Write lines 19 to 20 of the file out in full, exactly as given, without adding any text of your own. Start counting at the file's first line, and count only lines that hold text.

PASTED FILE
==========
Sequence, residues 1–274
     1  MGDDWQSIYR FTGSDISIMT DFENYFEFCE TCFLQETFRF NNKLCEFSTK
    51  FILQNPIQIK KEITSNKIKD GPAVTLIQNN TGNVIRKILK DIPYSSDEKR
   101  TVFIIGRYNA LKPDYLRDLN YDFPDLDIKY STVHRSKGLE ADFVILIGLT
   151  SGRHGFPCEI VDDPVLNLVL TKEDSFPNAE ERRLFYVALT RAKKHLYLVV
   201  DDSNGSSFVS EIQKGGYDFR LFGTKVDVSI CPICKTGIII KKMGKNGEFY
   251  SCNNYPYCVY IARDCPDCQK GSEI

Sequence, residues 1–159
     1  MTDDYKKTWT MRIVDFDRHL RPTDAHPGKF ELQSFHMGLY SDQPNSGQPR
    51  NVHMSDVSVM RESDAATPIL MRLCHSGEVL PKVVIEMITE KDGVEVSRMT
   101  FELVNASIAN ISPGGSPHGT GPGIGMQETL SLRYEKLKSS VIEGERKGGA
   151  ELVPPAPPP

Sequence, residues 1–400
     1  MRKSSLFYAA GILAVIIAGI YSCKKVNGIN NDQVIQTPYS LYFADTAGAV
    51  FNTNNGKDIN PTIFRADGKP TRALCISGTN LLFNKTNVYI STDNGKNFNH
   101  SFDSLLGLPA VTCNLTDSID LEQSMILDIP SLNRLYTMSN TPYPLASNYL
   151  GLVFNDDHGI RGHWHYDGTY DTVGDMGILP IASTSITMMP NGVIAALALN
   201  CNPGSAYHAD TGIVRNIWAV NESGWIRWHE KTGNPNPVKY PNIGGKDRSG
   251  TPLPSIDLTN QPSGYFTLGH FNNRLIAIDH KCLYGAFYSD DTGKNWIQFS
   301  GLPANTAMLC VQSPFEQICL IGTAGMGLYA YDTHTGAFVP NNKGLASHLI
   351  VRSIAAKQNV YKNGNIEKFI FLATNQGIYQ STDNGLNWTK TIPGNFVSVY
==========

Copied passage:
   251  TPLPSIDLTN QPSGYFTLGH FNNRLIAIDH KCLYGAFYSD DTGKNWIQFS
   301  GLPANTAMLC VQSPFEQICL IGTAGMGLYA YDTHTGAFVP NNKGLASHLI